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For a two-dimensional complex vector space, the spin matrices can be
calculated directly from the angular momentum commutator definition. The 3
Pauli matrices are retrieved and 23 other triplet solutions are found. In the
three-dimensional space, we show that no matrix fulfills the spin equations and
preserves the norm of the vectors. By using a Clifford geometric algebra it is
possible in the four-dimensional spacetime (STA) to retrieve the 24 different
spins 1/2. In this framework, spins 1/2 are rotations characterized by multivectors
composed of 3 vectors and 3 bivectors. Spins 1 can be defined as rotations
characterized by 4 vectors, 6 bivectors and 4 trivectors which result in unit
multivectors which preserve the norm. Let us note that this simple derivation
retrieves the main spin properties of particle physics.
In this paper, we continue
the efforts of the Computational Theory of Intelligence (CTI) by extending concepts
to include computational processes in terms of Genetic Algorithms (GA’s) and
Turing Machines (TM’s). Active, Passive, and Hybrid Computational Intelligence processes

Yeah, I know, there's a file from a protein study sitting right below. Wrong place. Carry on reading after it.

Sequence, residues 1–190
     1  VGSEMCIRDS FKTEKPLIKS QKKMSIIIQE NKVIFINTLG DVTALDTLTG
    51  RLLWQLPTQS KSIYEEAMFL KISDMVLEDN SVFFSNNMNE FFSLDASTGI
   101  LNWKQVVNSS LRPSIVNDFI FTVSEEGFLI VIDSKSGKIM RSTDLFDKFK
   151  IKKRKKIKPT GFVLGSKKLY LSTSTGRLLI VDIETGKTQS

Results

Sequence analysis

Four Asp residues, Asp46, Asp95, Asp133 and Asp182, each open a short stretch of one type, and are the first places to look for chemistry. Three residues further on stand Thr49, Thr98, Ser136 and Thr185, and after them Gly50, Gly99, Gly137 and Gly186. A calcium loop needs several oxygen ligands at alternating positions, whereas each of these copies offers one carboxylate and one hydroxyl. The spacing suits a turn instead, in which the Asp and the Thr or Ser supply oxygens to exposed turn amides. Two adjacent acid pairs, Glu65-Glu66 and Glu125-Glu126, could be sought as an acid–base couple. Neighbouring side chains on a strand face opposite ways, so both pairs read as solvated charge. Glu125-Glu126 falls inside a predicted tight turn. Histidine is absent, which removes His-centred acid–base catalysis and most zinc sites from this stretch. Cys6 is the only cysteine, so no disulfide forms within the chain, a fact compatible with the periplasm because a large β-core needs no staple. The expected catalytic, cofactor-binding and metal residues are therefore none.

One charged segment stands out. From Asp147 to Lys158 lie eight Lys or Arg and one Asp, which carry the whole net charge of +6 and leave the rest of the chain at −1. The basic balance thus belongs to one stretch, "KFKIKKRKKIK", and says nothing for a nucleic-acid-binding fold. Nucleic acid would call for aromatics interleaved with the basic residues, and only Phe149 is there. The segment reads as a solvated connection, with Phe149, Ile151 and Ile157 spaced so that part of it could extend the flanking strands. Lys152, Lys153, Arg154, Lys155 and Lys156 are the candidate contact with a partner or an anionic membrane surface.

are also introduced and discussed. We consider the ramifications of the assumptions
of CTI with regard to the qualities of reproduction and virility. Applications
to Biology, Computer Science and Cyber Security are also discussed.
We present a numerical study of the resolution power of Padé
Approximations to the Z-transform,
compared to the Fourier transform. As signals are represented as isolated poles
of the Padé Approximant to the Z-transform,
resolution depends on the relative position of signal poles in the complex plane i.e.
not only the difference in frequency (separation in angular position) but also
the difference in the decay constant (separation in radial position) contributes
to the resolution. The frequency resolution increase reported by other authors
is therefore an upper limit: in the case of signals with different decay rates
frequency resolution can be further increased.